Q&A – 22 June 2015

Suing judge for case delay

I sued one businessman in the High Court of Tanzania for recovery of money. The presiding judge has been taking things softly while the case involves my business capital. She has been adjourning the case several times and in some instances does not show up in court and the case is adjourned before the Registrar. I am stuck since my core capital is at stake and business threatened. Can I sue this judge for the manner she is conducting my case? What are the liabilities for judges? I want to bring work discipline in the judiciary.
TY , Dar

Judges are protected for all actions they do in the performance of their duties as judges. However, this immunity does not extend to other affairs they do in their individual capacities. For instance liability for personal debts, causing injury to an individual by their own negligent actions just to mention a few.

In your case we do not see how you can successfully sue the judge presiding over your case. The only thing you can do if at all you feel the judge is unfairly treating your case is to pray for her disqualification from conduct in the case. There must be convincing reasons to pray as such. You can also formally lodge a complaint to the judge in charge over the conduct of the judge presiding over your case. Furthermore, if you are still not satisfied, you can formally lodge a complaint to the Judicial Service Commission that is established under the Judicial Administration Act of 2011.

All said above, you must further understand that delay of cases is not contributed by one fact alone. There are a number of reasons including non-appearance of parties or their advocates, backlog of cases, heavy load on judges delays in investigation, few number of judges and lawyers seeking adjournments just to mention a few.

Unless there are compelling reasons for us to advise otherwise, we feel you need further guidance of a legal practitioner to tell you about the litigation system and Court systems in Tanzania so that you may avoid future frustrations.

Arrested for wearing t-shirt with offensive words

I am writing with sorrow after being arrested for wearing a t-shirt alleged to have insults. As I was walking in the city center one of the police officer arrested me for wearing a t-shirt that purportedly contains abusive language. Unfortunately the alleged printed offensive words are not in Swahili rather in Chinese which language I do not know. I only bought this second hand cloth from a street vendor and thought it would suit me. The police officer who arrested me maintains that he went for training in China thus knows to read and speak in Mandarin. I have been reporting to the police station every Monday for the past year. Is this fair?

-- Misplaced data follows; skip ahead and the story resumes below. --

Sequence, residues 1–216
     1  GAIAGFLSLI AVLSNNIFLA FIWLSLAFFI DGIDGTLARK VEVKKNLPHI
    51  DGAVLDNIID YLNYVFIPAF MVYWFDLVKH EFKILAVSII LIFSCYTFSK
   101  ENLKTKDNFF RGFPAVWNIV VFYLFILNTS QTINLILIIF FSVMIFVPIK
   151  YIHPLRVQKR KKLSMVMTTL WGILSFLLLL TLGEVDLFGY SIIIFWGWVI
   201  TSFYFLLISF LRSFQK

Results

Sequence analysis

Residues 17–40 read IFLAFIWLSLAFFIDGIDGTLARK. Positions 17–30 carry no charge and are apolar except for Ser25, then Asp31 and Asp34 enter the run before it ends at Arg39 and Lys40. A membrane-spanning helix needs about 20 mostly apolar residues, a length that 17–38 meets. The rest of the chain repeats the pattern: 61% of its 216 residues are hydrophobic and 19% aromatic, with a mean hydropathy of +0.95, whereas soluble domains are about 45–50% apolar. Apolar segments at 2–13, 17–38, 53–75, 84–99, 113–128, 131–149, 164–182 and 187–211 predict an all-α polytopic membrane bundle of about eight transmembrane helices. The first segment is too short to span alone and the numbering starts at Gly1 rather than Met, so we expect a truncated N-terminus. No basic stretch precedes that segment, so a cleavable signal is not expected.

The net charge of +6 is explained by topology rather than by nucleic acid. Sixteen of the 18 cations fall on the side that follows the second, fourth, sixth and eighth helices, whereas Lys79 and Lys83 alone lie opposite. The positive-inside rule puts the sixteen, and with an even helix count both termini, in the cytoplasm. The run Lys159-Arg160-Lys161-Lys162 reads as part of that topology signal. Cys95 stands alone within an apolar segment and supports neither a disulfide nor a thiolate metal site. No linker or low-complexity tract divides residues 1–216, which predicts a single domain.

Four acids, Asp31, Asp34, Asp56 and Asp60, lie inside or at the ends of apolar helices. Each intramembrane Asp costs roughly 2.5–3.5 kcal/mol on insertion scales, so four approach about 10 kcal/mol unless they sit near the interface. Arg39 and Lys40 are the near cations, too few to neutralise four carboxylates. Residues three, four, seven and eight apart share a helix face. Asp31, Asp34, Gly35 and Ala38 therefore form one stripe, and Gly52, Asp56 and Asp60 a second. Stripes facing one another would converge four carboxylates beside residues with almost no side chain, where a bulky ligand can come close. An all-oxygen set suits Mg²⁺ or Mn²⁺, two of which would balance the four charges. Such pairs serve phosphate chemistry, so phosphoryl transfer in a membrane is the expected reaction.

TR, Dar

As you have pointed out, we understand that the Penal Code provides that any person who uses obscene, abusive or insulting language to any other person in such a manner as is likely to cause a breach of the peace or brawls or, in any other manner, creates a disturbance in such a manner as is likely to cause a breach of the peace, is guilty of committing an offence.
In your case you have not informed us what exactly the words in the t-shirt mean and or what the police officer in his interpretation thought the words meant. It is difficult to adjudge if what the police officer insinuates falls within the ambit of the aforesaid provision.

From the limited facts you have given us, we believe that you may have a good defence in the situation as you are completely unaware of the meaning of the words. Otherwise, we advise you to seek assistance of a lawyer. To avoid inconvenience, we recommend next time you might want to cross check with friends and family when you are unaware of words that appear on your t shirt.

PCCB searching without warrant

I have a received a letter signed by the head of the anti-corruption bureau authorizing his officers to search my ware house on grounds that that I am storing corruptly and illicitly acquired properties. Is this lawful? Are they not required to have a search warrant from a Court of law? This is confusing, please guide.
PS, Manyara

Under the Prevention and Combating of Corruption Act, Act no 11 of 2007 specifically under section 12, the Director General of the Anti-Corruption Bureau is authorized in writing to authorize any officer to search any person, if it is reasonably suspected that such person is in possession of property corruptly or illicitly acquired or to search any premises, vehicle, boat, aircraft, or vehicle whatsoever in or upon which there is reasonable cause to believe that any property corruptly or illicitly acquired has been placed, deposited or concealed.

You should also understand that the appropriate officer of the Bureau authorized to make any search under this section may make any search and, for the purpose of so doing may enter, using any reasonable force and accompanied by such other persons as he seems necessary to assist him, into or upon any premises, vessel, boat, aircraft or any other vehicle whatsoever.

There is nothing more to advise you than to require you to cooperate with such officer unless there are chances that the authorization is not coming from the Anti-corruption Bureau director General. In short, there is no requirement of a court order in this case.